LONDON - Britain's royal family was hurt and disappointed by the shock announcement by Prince Harry and his wife Meghan that they will step back from their senior roles and spend more time in North America, a royal source said.
Harry and Meghan's announcement, made on social media on Wednesday evening, took Queen Elizabeth, Harry's grandmother, and Prince Charles, Harry's father, by surprise and they were not consulted on the statement.
Harry said that after months of reflection and discussion, the couple planned to carve out a "progressive new role" by stepping back and splitting their time between the United Kingdom and North America to allow them their family the space it needed.
They hope to become financially independent and set up a new charity, while continuing some royal duties.
Cast by the couple as an exciting next step, it was not immediately clear how the couple will become what royal biographers said was akin to being a "half royal" - and who will pay for their transatlantic lifestyles.
“After many months of reflection and internal discussions, we have chosen to make a transition this year in starting to carve out a progressive new role within this institution. We intend to step back as ‘senior’ members of the Royal Family and work to become financially independent, while continuing to fully support Her Majesty The Queen. It is with your encouragement, particularly over the last few years, that we feel prepared to make this adjustment. We now plan to balance our time between the United Kingdom and North America, continuing to honour our duty to The Queen, the Commonwealth, and our patronages. This geographic balance will enable us to raise our son with an appreciation for the royal tradition into which he was born, while also providing our family with the space to focus on the next chapter, including the launch of our new charitable entity. We look forward to sharing the full details of this exciting next step in due course, as we continue to collaborate with Her Majesty The Queen, The Prince of Wales, The Duke of Cambridge and all relevant parties. Until then, please accept our deepest thanks for your continued support.” - The Duke and Duchess of Sussex For more information, please visit sussexroyal.com (link in bio) Image © PA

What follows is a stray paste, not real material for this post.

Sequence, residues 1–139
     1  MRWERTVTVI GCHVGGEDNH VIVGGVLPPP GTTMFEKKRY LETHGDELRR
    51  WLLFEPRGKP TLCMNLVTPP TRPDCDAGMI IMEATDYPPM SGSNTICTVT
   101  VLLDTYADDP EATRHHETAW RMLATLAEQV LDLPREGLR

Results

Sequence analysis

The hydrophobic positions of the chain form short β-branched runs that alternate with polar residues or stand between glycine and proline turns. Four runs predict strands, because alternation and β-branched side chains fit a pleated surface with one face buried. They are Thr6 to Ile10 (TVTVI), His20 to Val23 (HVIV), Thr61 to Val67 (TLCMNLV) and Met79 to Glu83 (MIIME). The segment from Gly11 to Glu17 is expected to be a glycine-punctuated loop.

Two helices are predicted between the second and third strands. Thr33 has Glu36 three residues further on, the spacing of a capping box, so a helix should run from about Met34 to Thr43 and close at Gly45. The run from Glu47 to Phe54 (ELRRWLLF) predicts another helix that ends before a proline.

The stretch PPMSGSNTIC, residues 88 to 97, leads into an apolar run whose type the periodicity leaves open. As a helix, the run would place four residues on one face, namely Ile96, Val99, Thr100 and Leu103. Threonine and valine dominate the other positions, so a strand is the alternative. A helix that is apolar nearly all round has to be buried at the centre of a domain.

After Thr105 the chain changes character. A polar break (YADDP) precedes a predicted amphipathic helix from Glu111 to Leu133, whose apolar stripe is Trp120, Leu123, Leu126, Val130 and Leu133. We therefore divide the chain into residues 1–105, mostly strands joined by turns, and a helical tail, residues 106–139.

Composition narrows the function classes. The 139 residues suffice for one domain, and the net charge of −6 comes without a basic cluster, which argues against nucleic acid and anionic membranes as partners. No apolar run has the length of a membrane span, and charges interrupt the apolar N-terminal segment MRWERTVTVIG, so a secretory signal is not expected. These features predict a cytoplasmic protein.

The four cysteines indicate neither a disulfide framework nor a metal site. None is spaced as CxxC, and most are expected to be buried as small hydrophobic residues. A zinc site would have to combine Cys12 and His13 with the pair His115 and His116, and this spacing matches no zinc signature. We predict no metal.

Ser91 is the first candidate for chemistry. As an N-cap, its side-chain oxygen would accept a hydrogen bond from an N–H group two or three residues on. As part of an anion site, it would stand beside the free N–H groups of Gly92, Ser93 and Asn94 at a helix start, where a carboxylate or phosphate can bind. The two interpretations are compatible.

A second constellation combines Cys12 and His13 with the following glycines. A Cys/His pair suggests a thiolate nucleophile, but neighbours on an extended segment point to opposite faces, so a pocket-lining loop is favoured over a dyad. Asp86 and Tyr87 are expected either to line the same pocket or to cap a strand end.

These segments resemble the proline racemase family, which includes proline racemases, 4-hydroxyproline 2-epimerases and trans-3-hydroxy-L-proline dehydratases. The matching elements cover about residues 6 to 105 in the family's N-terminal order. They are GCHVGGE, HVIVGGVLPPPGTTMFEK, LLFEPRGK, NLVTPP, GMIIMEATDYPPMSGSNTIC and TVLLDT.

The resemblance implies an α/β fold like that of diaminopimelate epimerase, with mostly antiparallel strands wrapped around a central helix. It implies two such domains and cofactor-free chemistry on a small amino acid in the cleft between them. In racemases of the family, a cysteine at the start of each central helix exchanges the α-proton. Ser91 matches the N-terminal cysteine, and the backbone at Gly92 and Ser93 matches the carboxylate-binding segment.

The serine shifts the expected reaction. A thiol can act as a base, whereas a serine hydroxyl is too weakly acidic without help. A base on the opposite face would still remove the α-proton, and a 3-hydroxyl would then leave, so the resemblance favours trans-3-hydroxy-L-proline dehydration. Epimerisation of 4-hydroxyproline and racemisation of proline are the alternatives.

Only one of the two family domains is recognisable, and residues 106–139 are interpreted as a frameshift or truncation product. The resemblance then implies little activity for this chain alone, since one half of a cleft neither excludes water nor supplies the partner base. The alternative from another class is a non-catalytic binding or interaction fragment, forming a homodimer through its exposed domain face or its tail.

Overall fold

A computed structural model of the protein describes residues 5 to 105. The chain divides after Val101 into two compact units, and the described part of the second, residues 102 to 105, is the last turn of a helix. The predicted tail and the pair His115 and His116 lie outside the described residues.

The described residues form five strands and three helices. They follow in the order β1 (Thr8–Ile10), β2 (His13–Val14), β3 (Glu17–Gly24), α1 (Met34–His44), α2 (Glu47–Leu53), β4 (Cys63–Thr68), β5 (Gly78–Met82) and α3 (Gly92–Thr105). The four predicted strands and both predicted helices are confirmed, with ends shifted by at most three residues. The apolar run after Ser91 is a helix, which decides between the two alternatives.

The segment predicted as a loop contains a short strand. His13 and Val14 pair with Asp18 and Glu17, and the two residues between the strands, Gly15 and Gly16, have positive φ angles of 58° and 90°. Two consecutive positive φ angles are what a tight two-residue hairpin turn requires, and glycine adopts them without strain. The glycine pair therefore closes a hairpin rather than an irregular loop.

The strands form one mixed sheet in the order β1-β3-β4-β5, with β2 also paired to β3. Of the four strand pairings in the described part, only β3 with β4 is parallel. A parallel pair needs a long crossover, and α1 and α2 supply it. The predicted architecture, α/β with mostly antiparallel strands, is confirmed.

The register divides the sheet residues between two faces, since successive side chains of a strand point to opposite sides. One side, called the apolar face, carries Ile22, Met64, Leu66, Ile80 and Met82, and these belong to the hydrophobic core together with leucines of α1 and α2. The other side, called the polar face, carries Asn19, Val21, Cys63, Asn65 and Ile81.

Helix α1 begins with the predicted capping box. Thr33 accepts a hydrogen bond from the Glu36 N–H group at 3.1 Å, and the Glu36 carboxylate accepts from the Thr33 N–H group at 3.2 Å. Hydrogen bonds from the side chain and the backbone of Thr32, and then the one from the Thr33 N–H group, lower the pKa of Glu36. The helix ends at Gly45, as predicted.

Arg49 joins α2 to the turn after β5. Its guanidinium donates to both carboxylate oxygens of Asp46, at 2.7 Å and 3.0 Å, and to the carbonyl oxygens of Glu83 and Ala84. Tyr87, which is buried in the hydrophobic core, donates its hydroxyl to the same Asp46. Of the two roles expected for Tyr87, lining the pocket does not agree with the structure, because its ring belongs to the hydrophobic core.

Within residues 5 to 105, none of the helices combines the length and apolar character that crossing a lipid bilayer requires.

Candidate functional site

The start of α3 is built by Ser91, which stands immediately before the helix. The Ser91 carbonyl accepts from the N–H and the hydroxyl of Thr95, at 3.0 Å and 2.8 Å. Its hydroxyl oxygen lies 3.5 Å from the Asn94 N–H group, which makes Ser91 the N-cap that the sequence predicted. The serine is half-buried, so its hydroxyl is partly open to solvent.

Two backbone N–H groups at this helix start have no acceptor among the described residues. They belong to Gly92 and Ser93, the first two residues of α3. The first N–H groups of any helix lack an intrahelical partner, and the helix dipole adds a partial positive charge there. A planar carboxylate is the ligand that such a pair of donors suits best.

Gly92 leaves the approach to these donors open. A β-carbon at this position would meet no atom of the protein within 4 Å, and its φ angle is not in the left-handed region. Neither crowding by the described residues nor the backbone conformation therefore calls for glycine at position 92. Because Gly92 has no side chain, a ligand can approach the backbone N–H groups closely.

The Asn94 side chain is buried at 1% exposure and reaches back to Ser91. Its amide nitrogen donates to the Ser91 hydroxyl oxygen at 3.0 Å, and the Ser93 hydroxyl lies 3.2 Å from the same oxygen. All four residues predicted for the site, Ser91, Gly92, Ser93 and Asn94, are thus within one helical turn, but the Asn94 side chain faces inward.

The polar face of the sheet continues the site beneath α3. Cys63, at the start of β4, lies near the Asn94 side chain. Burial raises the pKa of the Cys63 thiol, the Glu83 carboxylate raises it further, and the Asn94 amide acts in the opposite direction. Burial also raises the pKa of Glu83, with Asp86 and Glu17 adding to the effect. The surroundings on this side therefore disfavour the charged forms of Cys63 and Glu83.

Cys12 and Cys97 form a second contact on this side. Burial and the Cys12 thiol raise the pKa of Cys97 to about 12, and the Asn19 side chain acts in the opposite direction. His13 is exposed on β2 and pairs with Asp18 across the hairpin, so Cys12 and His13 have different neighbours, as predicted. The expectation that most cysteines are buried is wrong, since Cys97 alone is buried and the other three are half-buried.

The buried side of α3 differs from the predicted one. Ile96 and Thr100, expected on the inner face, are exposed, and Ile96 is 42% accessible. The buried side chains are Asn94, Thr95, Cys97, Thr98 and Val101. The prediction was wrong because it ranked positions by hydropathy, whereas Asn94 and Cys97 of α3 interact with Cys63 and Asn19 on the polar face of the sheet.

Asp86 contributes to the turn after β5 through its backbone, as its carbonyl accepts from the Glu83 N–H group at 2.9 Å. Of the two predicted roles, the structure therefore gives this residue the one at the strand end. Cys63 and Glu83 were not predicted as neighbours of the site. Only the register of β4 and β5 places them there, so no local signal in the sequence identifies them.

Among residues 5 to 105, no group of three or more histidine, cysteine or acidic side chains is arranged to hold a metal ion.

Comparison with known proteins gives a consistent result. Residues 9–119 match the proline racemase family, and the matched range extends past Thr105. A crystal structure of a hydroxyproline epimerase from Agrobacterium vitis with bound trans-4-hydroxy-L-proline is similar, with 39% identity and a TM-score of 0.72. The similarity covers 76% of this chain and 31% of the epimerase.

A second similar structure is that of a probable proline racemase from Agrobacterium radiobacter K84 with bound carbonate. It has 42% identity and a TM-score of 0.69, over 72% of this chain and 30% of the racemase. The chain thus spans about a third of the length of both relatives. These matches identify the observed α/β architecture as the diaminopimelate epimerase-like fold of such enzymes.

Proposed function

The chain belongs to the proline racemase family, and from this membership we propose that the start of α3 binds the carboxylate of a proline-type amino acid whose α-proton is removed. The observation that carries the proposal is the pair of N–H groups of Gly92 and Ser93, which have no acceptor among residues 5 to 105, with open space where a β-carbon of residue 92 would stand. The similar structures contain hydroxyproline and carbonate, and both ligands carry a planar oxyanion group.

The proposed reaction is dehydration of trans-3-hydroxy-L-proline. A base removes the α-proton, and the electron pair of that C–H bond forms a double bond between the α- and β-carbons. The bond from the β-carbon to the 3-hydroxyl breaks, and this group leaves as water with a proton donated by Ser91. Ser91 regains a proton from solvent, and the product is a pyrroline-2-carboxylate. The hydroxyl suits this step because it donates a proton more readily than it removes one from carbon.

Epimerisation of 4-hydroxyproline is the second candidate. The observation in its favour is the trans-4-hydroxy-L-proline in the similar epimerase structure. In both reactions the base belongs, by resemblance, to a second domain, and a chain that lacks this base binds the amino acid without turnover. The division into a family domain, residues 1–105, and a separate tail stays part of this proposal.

Royal commentators drew parallels with the abdication crisis of Edward VIII who gave up the throne in 1936 to marry American divorcee Wallis Simpson and lived out his life in France.
Buckingham Palace said discussions with Harry and Meghan were at an early stage.
"We understand their desire to take a different approach but these are complicated issues that will take time to work through," it said.
Harry, 35, and Meghan, 38, a divorcee whose mother is African-American and father is white, married in May 2018 in a lavish ceremony in Windsor Castle, and at the time it was heralded as a sign of a more modern monarchy.
Last year, Meghan gave birth to their first child, Archie Harrison Mountbatten-Windsor.
But their relationship with the media turned sour as they struggled to deal with the intense scrutiny it brought.
There have been negative stories criticising their use of private jets while promoting environmental causes and the 2.4 million pound (S$4.2 million) taxpayer-funded renovation of their new home.
The couple, whose titles are the Duke and Duchess of Sussex, began legal action against some tabloid newspapers in October over historic phone-hacking and invasion of privacy.
Harry described the treatment of his wife as "bullying", and likened it to that of his mother, Princess Diana, before her death in a Paris car accident in 1997, when her limousine crashed as it sped away from chasing paparazzi.